The Centers for Medicare and Medicaid Services (CMS) spent $18 billion on drugs without confirmed benefits, according to findings of an Office of Inspector General (OIG) for the Department of Health and Human Services report. The money was spent over three years on medications for which there was no proof of significant clinical benefit. The goal of this process is to speed the approval of promising medications for serious and fatal diseases even though evidence of efficacy is limited.

The Federal Drug Administration’s expectation is that drug companies will continue research to definitively prove the efficacy of medications approved via this process. However, sponsors don’t always complete trials promptly for a variety of reasons, which can result in drugs staying on the market — and being administered to patients — for years without their predicted clinical benefit being verified and insurers (including Medicare and Medicaid) paying billions for treatments that are not verified to have clinical benefit.

In a statement, the drug makers’ trade group, the Pharmaceutical Research and Manufacturers of America, said its members tried to hold up their end of the agreements for further studies of drugs granted accelerated approvals. Confirmatory trials sometimes take longer than expected owing to several factors, including the inability to enroll patients as quickly as anticipated because of patients enrolling in other studies aimed at the same population, patients being less willing to volunteer for studies of FDA-approved medicines, or small patient populations.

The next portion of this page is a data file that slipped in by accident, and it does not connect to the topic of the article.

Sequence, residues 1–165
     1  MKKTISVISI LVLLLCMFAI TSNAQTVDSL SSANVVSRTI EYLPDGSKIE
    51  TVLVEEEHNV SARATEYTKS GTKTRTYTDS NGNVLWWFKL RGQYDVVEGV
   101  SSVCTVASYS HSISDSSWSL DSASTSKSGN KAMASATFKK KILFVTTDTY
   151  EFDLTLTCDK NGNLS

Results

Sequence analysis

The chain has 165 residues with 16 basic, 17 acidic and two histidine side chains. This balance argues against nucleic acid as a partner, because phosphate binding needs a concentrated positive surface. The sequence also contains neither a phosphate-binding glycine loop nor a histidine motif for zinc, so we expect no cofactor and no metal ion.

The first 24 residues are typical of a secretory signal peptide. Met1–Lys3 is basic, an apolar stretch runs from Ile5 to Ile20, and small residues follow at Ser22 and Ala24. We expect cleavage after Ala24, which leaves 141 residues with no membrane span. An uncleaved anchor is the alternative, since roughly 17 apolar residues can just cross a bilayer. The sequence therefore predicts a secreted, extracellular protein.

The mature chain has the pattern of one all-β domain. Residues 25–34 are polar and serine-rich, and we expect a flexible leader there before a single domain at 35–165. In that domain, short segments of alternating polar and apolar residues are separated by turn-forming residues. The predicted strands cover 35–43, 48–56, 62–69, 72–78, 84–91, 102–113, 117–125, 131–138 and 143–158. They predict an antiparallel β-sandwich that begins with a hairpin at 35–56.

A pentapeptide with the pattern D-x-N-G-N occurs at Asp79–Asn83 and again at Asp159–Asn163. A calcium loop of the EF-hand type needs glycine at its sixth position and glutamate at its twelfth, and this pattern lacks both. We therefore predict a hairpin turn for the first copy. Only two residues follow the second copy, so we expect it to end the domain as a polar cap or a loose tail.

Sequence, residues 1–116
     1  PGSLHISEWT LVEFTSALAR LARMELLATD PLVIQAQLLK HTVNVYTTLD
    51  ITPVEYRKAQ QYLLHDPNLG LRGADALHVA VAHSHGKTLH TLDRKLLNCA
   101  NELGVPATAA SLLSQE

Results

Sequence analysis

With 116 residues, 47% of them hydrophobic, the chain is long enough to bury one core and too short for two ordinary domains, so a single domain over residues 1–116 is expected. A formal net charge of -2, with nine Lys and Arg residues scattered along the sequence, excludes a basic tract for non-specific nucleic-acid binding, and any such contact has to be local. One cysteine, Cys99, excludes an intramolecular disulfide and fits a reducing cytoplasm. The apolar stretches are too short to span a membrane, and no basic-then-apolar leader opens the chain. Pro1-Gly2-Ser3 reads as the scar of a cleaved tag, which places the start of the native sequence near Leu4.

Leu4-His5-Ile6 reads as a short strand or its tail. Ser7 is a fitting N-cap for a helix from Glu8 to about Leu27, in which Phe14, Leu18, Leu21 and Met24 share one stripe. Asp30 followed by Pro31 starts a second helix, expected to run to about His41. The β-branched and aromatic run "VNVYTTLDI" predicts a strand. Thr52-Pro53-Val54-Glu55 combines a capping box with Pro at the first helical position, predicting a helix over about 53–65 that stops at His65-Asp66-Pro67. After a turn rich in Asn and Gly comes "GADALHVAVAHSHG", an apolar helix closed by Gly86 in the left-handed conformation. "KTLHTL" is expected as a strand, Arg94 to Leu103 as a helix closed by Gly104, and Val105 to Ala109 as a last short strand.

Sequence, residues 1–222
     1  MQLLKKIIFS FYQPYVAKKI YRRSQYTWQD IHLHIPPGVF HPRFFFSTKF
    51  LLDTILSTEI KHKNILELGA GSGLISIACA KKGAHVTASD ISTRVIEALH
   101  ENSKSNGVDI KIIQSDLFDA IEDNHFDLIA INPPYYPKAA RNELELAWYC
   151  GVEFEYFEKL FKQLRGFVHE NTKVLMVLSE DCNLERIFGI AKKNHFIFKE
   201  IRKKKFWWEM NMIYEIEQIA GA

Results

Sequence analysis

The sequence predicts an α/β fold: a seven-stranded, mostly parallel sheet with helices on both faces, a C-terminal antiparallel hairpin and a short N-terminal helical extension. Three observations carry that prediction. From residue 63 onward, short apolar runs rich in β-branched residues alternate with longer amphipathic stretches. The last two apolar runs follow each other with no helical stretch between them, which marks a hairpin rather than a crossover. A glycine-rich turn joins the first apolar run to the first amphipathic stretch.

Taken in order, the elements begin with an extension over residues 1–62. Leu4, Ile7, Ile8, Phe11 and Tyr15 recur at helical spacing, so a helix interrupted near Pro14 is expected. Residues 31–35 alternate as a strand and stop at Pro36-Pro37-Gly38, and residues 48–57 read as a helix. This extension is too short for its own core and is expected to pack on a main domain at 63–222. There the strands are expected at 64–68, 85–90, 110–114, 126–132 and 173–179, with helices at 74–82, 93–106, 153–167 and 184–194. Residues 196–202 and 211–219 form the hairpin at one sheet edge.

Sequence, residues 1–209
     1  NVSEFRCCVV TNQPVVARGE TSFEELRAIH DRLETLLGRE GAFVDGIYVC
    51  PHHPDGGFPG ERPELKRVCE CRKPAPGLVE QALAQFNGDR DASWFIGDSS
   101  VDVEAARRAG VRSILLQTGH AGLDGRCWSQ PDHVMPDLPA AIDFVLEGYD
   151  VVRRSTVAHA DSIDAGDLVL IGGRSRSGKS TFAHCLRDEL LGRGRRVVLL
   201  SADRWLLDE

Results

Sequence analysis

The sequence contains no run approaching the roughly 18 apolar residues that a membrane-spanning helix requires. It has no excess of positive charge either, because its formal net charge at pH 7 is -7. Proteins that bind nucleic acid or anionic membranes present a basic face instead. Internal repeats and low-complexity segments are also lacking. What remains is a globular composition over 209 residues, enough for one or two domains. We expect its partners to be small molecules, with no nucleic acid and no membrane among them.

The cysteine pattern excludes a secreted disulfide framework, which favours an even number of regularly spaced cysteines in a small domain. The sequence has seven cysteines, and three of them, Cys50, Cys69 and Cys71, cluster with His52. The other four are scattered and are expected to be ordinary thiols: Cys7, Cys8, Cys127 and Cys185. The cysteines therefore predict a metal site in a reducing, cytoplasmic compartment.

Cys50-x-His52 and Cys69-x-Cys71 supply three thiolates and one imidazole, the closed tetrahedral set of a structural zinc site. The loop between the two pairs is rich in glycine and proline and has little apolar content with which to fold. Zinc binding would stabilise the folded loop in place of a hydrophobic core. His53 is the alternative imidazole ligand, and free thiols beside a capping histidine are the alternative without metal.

1. Shah SS, Srivastava R, Wu S, et al. Intravenous versus oral antibiotics for post-discharge treatment of complicated pneumonia. Pediatrics. 2016;138(6):e20161692.
2. Wickremasinghe AC, Kuzniewicz MW, Grimes BA, et al. Neonatal phototherapy and infantile cancer. Pediatrics. 2016;137(6):e20151353.
3. Trottier ED, Chan K, Allain D, et al. Managing an acute asthma exacerbation in children. Paediatr Child Health. 2021;26(7):438-438.
4. McKenzie KC, Hahn CD, Friedman JN; Canadian Paediatric Society, Acute Care Committee. Emergency management of the paediatric patient with convulsive status epilepticus. Paediatr Child Health.2021;26(1):50-57.